Table 1

Selected characteristics of classification systems for causes of stillbirth and neonatal death, 2009–2014

Characteristic

All systems, n (%)

Systems used in HIC only, n (%)

Systems used in LMIC only, n (%)

For systems including any type of death (SB, NND, or both)

81

36

32

 Type of system

  New

14 (17)

6 (17)

4 (13)

  Modified

59 (73)

28 (78)

23 (72)

  Unknown

8 (10)

2 (6)

5 (16)

 Uses ICD codes

  Yes

17 (21)

3 (8)

8 (25)

  No

62 (77)

33 (92)

23 (72)

  Unclear

2 (3)

0 (0)

1 (3)

 Includes definitions for all causes of death

  Yes

23 (28)

9 (25)

11 (34)

  No

35 (43)

14 (39)

16 (50)

  Some causes only

23 (28)

13 (36)

5 (16)

 Includes a description of how COD are to be assigned

  Yes

33 (41)

16 (44)

9 (28)

  No

47 (58)

20 (56)

23 (72)

  Unclear

1 (1)

0 (0)

0 (0)

 Number of deaths classified using this system

  Not used

5 (6)

0 (0)

0 (0)

   < 500

44 (54)

17 (47)

26 (81)

  500-999

9 (11)

7 (19)

2 (6)

  1000+

23 (28)

12 (33)

4 (13)

 Includes guidance on how potential users might access data from the system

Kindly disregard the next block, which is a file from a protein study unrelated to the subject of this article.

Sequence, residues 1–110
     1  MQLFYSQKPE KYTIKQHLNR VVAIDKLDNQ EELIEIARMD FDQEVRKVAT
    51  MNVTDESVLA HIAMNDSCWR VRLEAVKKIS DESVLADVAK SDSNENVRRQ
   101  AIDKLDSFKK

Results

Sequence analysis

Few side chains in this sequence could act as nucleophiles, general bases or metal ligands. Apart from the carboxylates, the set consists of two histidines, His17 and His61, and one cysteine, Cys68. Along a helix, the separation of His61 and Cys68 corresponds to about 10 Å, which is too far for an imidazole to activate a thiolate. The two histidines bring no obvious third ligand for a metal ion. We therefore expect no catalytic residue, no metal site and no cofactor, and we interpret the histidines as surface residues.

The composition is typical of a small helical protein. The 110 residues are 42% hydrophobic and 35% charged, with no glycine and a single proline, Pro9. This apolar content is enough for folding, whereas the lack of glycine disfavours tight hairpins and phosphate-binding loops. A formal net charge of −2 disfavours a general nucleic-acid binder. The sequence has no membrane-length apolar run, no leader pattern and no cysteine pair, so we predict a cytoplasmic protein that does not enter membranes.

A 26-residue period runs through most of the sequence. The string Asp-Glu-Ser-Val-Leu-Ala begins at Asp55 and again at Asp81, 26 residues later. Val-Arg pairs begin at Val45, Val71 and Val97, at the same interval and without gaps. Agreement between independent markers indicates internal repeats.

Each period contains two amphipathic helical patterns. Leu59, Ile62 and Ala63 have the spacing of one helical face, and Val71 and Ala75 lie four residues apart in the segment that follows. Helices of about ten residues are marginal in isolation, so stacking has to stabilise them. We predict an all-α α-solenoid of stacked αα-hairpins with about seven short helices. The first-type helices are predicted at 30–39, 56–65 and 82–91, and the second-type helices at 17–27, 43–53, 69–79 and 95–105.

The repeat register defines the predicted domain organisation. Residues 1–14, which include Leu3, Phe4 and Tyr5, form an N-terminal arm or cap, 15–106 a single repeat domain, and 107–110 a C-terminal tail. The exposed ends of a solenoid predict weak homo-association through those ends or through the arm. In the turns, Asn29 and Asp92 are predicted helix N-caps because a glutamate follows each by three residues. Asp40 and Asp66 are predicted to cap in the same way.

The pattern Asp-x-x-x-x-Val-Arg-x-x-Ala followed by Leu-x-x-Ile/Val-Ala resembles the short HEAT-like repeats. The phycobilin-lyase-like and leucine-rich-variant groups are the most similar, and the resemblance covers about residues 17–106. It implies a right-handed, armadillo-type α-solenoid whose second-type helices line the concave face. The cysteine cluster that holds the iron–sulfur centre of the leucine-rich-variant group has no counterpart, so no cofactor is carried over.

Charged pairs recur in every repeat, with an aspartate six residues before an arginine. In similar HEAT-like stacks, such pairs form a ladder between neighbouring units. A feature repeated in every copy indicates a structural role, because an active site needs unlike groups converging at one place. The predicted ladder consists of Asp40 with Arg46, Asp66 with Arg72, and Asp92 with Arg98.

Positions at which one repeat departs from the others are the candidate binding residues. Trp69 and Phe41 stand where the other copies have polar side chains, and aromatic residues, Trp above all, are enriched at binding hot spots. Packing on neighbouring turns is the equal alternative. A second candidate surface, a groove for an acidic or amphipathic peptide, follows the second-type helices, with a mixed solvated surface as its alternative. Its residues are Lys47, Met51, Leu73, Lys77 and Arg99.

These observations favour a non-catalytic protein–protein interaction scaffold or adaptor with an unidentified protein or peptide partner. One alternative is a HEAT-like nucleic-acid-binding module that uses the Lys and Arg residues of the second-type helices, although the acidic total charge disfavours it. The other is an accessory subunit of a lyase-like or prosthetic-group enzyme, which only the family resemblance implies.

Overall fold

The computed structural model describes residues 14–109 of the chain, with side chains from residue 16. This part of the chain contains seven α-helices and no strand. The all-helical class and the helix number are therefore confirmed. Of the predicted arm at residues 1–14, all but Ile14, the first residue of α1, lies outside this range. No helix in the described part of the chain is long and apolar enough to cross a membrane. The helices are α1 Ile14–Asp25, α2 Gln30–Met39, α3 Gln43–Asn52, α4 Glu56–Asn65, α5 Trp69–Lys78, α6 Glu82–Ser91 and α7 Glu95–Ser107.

Yes

8 (10)

5 (14)

2 (6)

  No

66 (82)

24 (67)

30 (94)

  Unclear

7 (9)

7 (19)

0 (0)

 Available in e-format

3 (4)

2 (6)

1 (3)

 Available in more than 1 language

1 (1)

1 (3)

0 (0)

 Type of death classified

  Both SB and NND

40 (49)

20 (56)

14 (44)

  NND only

26 (32)

7 (19)

14 (44)

  SB only

15 (19)

9 (25)

4 (13)

Number of countries in which used

  0

5 (6)

0 (0)

0 (0)

  1

60 (74)

30 (83)

30 (94)

  2+

13 (16)

6 (17)

2 (6)

  Used to report global data

3 (4)

0 (0)

0 (0)

 Tested for reliability

  Yes

10 (12)

4 (11)

3 (9)

  No

68 (84)

31 (86)

28 (88)

  Unclear

3 (4)

1 (3)

1 (3)

 Hierarchical

  Yes

18 (22)

4 (11)

10 (31)

  No

53 (65)

27 (75)

20 (63)

  Partially

7 (9)

4 (11)

0 (0)

  Unclear

3 (4)

1 (3)

2 (6)

 Requires that a single cause of death be recorded

  Yes

64 (79)

29 (81)

23 (72)

  No